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NVIDIA’s GeForce RTX 2080 Max-Q may only deliver performance equivalent to a desktop GeForce RTX 2060

NVIDIA’s GeForce RTX 2080 Max-Q may only deliver performance equivalent to a desktop GeForce RTX 2060

by Vyncent ChanJanuary 31, 2019
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NVIDIA’s latest GeForce RTX graphics cards are pretty impressive on the desktop, but it seems that cramming them into laptops is quite a challenging task. Well given that the reference GeForce RTX 2080 sports a 215W TDP, downclocking would have been necessary to fit it into a laptop’s constraints, especially the thin-and-light models. But this might be a bit too much.

The GeForce RTX 2080 Max-Q for laptops may come with a base clock of 735 MHz, less than half of the reference GeForce RTX 2080‘s 1515 MHz. Now it’s worth reminding that NVIDIA’s graphics cards rarely ever run at base clocks, but that’s quite a serious step down from the desktop variant. For comparison sake, the GeForce GTX 1080 Max-Q‘s base clock is only 31% slower than the desktop GeForce GTX 1080.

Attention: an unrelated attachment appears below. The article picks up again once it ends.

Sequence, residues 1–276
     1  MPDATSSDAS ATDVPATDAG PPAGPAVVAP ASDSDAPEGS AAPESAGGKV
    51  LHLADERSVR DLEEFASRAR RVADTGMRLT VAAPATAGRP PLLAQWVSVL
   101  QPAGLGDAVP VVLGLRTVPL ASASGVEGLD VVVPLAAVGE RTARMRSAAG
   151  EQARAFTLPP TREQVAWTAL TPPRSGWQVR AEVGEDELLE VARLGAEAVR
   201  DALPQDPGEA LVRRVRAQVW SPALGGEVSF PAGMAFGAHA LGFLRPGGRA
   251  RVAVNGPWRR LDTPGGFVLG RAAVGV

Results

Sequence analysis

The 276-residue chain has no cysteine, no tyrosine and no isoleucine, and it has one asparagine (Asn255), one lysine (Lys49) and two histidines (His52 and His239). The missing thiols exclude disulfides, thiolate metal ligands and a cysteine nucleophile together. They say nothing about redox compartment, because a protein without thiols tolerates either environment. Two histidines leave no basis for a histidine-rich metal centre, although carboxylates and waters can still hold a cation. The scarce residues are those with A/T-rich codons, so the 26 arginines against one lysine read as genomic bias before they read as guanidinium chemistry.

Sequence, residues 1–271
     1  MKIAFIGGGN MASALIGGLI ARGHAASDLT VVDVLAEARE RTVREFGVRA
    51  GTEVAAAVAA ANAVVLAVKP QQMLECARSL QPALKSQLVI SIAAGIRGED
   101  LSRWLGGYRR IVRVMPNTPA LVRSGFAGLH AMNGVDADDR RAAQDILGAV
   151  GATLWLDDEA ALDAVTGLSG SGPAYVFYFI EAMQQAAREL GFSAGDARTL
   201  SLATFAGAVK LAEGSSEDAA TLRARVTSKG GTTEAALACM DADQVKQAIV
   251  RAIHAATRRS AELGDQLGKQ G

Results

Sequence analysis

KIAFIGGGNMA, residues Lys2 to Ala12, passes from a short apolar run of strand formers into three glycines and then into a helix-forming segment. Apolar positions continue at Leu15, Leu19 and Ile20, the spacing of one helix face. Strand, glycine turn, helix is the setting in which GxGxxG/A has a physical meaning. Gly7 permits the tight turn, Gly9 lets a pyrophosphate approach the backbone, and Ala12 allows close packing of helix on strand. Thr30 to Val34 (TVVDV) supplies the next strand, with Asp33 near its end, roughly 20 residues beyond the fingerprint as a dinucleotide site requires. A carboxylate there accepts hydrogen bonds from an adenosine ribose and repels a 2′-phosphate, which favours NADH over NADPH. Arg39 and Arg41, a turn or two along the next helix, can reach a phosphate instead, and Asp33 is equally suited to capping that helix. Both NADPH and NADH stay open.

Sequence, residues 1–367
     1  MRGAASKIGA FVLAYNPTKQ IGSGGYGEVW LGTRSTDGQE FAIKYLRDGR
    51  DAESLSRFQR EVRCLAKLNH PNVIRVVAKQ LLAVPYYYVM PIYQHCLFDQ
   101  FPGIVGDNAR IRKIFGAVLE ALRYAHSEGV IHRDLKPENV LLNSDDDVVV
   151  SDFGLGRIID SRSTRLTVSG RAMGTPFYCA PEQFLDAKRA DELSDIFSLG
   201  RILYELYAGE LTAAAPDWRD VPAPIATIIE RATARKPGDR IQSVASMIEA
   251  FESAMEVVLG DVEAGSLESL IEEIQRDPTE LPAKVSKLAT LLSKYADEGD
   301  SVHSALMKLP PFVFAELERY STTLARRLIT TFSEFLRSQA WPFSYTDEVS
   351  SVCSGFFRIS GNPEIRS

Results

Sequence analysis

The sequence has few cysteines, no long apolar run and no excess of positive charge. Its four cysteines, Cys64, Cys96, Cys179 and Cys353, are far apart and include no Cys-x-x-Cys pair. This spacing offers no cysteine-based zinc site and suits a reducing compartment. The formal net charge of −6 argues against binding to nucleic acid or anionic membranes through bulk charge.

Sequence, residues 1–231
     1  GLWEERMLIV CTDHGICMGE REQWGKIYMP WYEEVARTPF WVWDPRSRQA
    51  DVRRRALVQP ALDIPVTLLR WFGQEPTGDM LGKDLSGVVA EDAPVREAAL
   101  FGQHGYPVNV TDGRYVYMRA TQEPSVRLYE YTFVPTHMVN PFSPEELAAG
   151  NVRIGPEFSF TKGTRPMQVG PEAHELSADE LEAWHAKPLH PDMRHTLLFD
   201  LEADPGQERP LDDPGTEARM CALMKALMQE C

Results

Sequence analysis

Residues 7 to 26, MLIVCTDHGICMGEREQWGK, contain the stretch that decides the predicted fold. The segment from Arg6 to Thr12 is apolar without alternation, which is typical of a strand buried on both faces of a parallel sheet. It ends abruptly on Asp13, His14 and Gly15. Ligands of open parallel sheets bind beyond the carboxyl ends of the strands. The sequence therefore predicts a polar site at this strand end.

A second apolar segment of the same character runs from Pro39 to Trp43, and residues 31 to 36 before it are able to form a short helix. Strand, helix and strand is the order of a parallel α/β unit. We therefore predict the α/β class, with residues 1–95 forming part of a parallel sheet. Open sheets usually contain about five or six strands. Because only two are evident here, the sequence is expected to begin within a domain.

What this means is that getting a laptop with a GeForce RTX 2080 Max-Q is no guarantee that you will be getting enjoying excellent gaming performance. The GeForce RTX 2080 for laptops can deliver anything from 37T RTX-OPS to 53T RTX-OPS. A desktop GeForce RTX 2060 is capable of delivering 37T RTX OPS, so your fancy high-end new laptop with a GeForce RTX 2080 Max-Q may only be offering you performance on par with a desktop GeForce RTX 2060. Doesn’t sound too good at all, does it?

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Of course, this is a worst case scenario. Most manufacturers will probably over-engineer the cooling in their laptops, allowing to enjoy higher boost clocks and thus more performance. Or if you desire the most performance from your gaming laptop, get one with a GeForce RTX 2080, sans Max-Q. That should give you much better performance, as those will be packed into more performance-oriented designs.

NVIDIA has specified pretty conservative figures for their whole lineup of GeForce RTX GPUs for laptops. Gamers who want to enjoy the maximum graphical fidelity should probably still stick to desktops. It’s quite surprising to see NVIDIA do this after the Pascal architecture closing the gap between laptops and desktops.

Pokdepinion: Well it surely would suck to get a high-end gaming laptop only to find it delivers performance on par with an entry-level GeForce RTX GPU.

About The Author
Vyncent Chan
Technology enthusiast, casual gamer, pharmacy graduate. Strongly opposes proprietary standards and always on the look out for incredible bang-for-buck.

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